I am somewhat pleased our panel is on the first day, as being the postgraduate representative for ASLEC-ANZ I am one of two people in charge of live tweeting (follow us at #ecohab14) so I will be kept very busy – as well as listening to other papers for my own interest. I expect to have my brain filled and expanded by the papers at Affective Habitus – with confirmed keynotes (a stellar cast in eco criticism) including: Tim Collins, Tom Griffiths, Eileen Joy, Michael Marder (remotely), John Plotz, Elspeth Probyn, Ariel Salleh, Will Steffen (remotely), Wendy Wheeler, Linda Williams and Gillen D’Arcy Wood.
I found when doing my doctorate in creative writing that I would have two computer files (or paper notebooks) going at once – one for the academic research and the other for the creative ideas that flowed from that. The idea for my novel came when I was listening to a paper at a bioethics conference.
My first conference as a Masters student was terrifying. I stepped into the big league with my fledgling research into the scientifically created human in fiction and pitched to a major bioethics conference. My paper was accepted and I was given the prime spot of last paper on the last day.
“Don’t worry,” assured one of my supervisors. “All the academics will be hung over from the conference dinner or going to the airport early, no one will come, just view it as a test run in front of the three other post grads you become friendly with.”
Well, I spent the conference chatting over coffee with those academics about my research – a rather sexy topic amongst the philosophical and scientific analysis of end of life procedures and transplantation. I was writing gothic horror, and using Mary Shelley and Jodi Picoult in my work on the place of the creative arts in bioethical debates.
At that time, every second presenter was reading Picolt’s novel “My Sister’s Keeper” on the plane trip to the conference and discussing “savior siblings” created to hopefully save the life of a dying child. And mention Frankenstein at a bioethics conference and everyone turns to you as they munch their biscuits and drink coffee. One academic said to me “when I die they can take whatever they like from my body – but not my eyes!”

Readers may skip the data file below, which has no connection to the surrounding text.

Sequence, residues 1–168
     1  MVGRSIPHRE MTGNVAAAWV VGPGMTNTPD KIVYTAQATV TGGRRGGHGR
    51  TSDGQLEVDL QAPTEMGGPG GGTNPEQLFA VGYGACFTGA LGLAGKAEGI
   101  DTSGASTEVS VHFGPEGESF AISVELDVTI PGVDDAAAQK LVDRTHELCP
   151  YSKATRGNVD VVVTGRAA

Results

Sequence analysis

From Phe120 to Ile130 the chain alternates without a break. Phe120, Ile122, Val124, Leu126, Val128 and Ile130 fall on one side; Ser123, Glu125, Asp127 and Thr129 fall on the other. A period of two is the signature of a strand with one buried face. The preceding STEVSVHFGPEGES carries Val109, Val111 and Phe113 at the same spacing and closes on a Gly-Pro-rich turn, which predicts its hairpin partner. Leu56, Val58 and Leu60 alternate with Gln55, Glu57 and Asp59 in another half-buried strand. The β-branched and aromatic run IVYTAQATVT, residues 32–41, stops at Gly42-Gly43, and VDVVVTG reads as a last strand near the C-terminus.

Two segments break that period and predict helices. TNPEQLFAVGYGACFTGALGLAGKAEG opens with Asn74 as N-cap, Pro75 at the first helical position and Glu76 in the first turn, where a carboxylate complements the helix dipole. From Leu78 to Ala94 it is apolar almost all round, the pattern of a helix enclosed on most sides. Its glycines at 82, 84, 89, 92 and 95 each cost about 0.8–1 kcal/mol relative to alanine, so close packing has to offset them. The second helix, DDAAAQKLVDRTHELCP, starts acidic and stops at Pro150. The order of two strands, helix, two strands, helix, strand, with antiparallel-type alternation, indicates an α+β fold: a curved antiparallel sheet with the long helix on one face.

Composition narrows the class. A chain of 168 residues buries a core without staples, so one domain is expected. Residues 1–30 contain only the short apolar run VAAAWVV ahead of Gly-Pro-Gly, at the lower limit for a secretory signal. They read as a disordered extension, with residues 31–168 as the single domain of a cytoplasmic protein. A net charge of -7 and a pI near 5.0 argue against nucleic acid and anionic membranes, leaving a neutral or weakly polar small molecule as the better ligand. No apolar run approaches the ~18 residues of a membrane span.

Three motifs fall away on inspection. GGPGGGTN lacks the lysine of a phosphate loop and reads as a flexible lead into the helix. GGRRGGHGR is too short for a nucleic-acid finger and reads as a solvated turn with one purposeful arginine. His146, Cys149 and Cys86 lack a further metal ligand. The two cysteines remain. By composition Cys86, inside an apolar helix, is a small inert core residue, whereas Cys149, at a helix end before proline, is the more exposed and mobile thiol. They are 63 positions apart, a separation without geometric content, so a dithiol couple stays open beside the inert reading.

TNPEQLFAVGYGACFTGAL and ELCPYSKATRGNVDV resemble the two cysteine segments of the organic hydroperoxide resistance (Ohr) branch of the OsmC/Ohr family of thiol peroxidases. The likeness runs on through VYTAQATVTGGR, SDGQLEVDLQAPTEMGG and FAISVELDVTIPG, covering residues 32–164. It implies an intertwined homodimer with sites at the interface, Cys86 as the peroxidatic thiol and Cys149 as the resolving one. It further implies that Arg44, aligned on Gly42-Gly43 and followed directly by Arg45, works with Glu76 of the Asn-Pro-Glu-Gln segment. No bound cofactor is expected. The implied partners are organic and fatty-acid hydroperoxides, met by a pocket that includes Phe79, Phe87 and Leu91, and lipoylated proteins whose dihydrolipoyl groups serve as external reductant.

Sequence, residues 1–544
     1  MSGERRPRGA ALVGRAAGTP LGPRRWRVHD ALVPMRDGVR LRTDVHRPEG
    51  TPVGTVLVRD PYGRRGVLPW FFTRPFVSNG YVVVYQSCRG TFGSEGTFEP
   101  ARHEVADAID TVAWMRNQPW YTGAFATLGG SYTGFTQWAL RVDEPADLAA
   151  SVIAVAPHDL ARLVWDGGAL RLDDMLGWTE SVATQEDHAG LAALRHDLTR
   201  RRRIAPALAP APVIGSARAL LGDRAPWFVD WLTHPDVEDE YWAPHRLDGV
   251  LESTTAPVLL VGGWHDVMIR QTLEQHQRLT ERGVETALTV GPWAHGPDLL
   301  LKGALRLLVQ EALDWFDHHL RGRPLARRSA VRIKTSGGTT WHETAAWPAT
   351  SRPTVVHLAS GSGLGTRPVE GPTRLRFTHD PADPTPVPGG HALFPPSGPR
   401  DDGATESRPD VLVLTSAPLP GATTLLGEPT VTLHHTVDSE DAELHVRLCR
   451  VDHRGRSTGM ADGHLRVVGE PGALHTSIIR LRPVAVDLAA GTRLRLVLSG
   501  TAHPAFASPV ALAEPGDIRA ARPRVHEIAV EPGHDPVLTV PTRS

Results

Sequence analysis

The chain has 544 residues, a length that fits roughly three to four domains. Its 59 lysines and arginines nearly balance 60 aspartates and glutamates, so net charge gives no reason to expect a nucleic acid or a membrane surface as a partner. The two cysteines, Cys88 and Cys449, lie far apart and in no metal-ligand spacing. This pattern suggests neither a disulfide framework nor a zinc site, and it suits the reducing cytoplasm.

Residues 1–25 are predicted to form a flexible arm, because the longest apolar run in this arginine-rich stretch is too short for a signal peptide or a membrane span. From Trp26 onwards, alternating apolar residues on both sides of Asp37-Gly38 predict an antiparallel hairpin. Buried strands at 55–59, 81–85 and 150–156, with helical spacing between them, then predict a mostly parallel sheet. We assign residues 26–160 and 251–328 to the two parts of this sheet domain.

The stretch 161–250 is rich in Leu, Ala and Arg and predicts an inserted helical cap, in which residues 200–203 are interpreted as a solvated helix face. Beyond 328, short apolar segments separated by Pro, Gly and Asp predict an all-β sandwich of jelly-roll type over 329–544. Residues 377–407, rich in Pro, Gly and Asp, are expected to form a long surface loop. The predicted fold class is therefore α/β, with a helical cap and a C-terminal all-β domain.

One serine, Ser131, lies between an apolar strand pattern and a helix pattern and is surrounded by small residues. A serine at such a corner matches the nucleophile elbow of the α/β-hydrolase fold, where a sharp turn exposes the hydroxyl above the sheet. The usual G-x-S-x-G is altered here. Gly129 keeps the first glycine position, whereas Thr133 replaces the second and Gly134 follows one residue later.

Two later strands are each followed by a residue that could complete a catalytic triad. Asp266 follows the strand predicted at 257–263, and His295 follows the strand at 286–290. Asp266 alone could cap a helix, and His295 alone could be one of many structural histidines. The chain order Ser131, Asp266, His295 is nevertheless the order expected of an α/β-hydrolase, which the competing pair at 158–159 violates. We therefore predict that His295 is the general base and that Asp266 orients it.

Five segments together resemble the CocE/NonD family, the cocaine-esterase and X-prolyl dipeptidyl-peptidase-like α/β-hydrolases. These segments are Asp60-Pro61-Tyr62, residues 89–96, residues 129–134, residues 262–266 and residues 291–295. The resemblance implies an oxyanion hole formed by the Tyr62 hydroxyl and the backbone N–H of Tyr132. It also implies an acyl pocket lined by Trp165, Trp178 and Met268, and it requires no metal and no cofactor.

The punch line of my first conference is that I had a full house for my presentation. All those professors I had sat in awe in front of for the past few days were now sitting in front of me (okay, with their suitcases next to their feet ready to dash for the airport), and I will never forget that moment of sheer terror realizing I had to speak in front of them.
But – they were engaged and supportive and I have to say, made me feel like I had a place taking my first steps in the academy. Thank you to all of them.
So, as I finish my paper for the Affective Habitus paper, I try and think back to how terrified I was of that first step onto the public academic stage, and how far I have come since then. From a first year Masters student at an academic conference, feeling like it was my first day at school, to taking my first steps as an emerging academic.
Back then, I was swimming in a vast sea of knowledge, looking around for where I might find land, seeing only a far horizon. Now, with most of my thesis already presented and published, I am claiming to be something more than a student stumbling into the light of knowledge – I am trying to claim a place of my own in the academy.